Article reminds us what school pride really means

By: Wayne Gilmore, Team Kong Editor
Sep 24, 2013

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His column from "The Chanute Tribune" from today 9-24-13 is first, my email reply to him and his publisher is second.  More on the Gorillas in a blog later this week. Go Gorillas.  

View from the Sports Desk: Gorillas game not exactly a thriller

Brian McDowell, Sports Editor  
After celebrating last Friday night’s Homecoming with a big win over Parsons, the Chanute Blue Comets football team will be traveling to Pittsburg this Friday to take on the Purple Dragons. Despite having a team name that sounds like it was created by a committee of seven-year-old girls, the Purple Dragons are currently undefeated and are trying to become the best team in the SEK.
Pittsburg actually makes for a much more appealing football rival for Chanute than Iola, because unlike the Mustangs, the Purple Dragons have a legitimate chance to win the match-up every once in a while. When these two teams meet on Friday night, it should be the Comets’ biggest challenge so far this year. It will be interesting to see how Chanute responds.
In preparation for this big showdown, I went and checked out a Pittsburg State Gorillas football game last Saturday to learn as much as I could about the athletic scene in that area.
I am sure that Pitt State is a perfectly fine institution of higher learning, but as a college town, Pittsburg is a bit like Lawrence without all of the bothersome culture, scenery and nightlife. Still, spending time in Pittsburg is tolerable, if only because it has a much better selection of fast food outlets than Chanute.  To me, one of the weirdest parts of living in this community is finding myself defending nearby towns with statements like, “But they have an Arby’s.”
The college football team there repeatedly claims to be the winningest NCAA Division II program of all time. This is a bit like bragging about being the youngest senior citizen, the tallest midget or Chanute's most fervent Obama supporter. It is not an accomplishment that anyone should be hanging their proverbial hat on.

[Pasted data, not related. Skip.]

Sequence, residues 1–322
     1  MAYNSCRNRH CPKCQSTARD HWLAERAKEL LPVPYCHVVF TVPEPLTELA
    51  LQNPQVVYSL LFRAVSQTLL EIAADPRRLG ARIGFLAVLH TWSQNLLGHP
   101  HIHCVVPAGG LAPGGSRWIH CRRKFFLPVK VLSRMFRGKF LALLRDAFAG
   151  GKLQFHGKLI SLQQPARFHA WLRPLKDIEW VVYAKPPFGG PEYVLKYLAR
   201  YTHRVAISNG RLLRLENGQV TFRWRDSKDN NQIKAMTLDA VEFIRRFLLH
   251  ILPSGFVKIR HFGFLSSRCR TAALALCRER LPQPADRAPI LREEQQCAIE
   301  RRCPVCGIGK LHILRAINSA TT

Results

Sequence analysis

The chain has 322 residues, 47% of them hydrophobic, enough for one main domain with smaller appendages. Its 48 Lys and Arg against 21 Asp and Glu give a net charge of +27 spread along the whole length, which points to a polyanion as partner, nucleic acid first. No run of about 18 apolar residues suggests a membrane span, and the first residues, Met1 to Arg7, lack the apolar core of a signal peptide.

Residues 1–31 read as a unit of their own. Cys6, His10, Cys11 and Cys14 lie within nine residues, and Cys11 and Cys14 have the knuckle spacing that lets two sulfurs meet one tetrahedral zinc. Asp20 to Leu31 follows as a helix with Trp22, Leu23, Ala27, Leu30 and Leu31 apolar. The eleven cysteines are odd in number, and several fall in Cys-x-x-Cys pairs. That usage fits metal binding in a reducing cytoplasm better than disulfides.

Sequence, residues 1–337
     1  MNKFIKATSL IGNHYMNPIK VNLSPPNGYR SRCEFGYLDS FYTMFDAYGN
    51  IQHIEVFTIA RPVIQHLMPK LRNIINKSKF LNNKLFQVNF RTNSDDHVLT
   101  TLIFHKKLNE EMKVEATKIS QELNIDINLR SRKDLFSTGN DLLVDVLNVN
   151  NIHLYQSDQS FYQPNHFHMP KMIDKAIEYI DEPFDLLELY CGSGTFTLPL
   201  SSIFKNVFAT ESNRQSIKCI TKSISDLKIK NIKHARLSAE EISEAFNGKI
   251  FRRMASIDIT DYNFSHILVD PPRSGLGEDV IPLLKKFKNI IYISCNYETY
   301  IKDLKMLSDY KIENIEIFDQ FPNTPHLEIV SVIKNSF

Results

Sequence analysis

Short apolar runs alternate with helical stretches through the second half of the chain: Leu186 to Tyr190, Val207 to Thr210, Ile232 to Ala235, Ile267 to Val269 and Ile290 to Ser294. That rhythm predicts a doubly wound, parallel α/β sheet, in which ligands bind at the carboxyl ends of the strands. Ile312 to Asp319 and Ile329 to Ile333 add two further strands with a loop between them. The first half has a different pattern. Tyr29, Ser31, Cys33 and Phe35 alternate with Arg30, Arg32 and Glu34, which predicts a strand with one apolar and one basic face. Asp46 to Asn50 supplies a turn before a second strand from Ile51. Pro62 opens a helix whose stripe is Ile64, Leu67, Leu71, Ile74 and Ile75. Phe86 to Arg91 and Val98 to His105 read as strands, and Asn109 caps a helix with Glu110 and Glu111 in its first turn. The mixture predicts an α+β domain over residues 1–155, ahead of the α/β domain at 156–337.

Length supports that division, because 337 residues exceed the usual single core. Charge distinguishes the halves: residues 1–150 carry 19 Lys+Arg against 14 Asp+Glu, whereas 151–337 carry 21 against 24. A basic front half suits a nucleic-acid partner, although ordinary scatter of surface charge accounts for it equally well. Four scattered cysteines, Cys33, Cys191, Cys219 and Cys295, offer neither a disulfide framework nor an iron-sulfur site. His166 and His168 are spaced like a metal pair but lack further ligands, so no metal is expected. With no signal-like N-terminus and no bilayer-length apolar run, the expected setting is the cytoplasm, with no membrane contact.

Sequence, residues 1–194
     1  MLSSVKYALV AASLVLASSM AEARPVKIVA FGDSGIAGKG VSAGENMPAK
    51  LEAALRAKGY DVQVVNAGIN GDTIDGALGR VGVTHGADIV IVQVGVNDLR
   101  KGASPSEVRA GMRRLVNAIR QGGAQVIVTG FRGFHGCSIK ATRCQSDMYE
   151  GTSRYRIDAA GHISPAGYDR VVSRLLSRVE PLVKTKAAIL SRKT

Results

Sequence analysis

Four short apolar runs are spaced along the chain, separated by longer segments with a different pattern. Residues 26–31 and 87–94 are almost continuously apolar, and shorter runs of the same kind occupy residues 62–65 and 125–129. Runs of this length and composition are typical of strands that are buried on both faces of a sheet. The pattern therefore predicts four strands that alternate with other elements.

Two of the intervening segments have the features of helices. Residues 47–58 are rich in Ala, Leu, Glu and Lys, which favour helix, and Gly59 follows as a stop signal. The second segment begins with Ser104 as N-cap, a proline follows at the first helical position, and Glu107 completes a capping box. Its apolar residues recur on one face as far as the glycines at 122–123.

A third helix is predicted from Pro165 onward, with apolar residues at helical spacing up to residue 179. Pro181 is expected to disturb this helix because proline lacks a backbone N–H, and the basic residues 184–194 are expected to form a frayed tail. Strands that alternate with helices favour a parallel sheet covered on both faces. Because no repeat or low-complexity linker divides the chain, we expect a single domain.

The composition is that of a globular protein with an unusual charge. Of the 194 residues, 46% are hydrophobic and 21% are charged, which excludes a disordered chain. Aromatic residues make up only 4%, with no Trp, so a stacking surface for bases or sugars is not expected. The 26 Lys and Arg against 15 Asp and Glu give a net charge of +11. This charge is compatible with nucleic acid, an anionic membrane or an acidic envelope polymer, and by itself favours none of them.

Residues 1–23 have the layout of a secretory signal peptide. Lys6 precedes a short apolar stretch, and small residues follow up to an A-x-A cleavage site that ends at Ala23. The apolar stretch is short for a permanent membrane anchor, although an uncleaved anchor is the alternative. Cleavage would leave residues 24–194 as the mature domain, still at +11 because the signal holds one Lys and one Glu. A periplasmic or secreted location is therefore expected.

I dragged my girlfriend to the game with me because nothing says romance like watching Division II football.  We discovered that Pitt State’s stadium is old, cramped, and offers a lovely view of a local cemetery.  It is appropriate because the seats at this venue have about as much legroom as the average casket.  
The stadium is referred to as “The Jungle,” which gives the college a cheap excuse to play that Guns N’ Roses “Welcome to the Jungle” tune 382 times during the course of the average game.  The royalties that the original members of that band must get from the constant playing of this song at this venue through the years could probably fund their collective drug habits for at least an hour.
If attendees are smart enough to not pay any attention to what is happening on the football field, Pittsburg State games do offer fans most anything they could possibly want on a Saturday outing: bands, cheerleaders, fireworks, overpriced concessions and souvenirs, gratuitous commercials being played at maximum volume on a Jumbotron. It would be even more ideal if some good football could be seen in the midst of this spectacle instead of a season’s worth of dull blowout Gorilla victories against a series of inept opponents.
Last Saturday, that inept and inevitably blown-out opponent was Southwest Baptist, which is apparently the intellectual center of Bolivar, Missouri. This team featured a bunch of players who seemingly lacked the ability to either move the ball or tackle effectively.  If I walked into any decent-sized Baptist church in the country and picked out a random assortment of able-bodied men, that group would stand a greater chance of actually winning a college football game than Southwest Baptist does with its line-up right now.  Maybe Southwest Baptist coaches should consider trying that approach next year. Then their college team might be good enough not to have to serve as regular-season cannon fodder for the likes of Pittsburg State.  Southwest Baptist suffered a predictable 59-7 defeat at the hands of the Gorillas.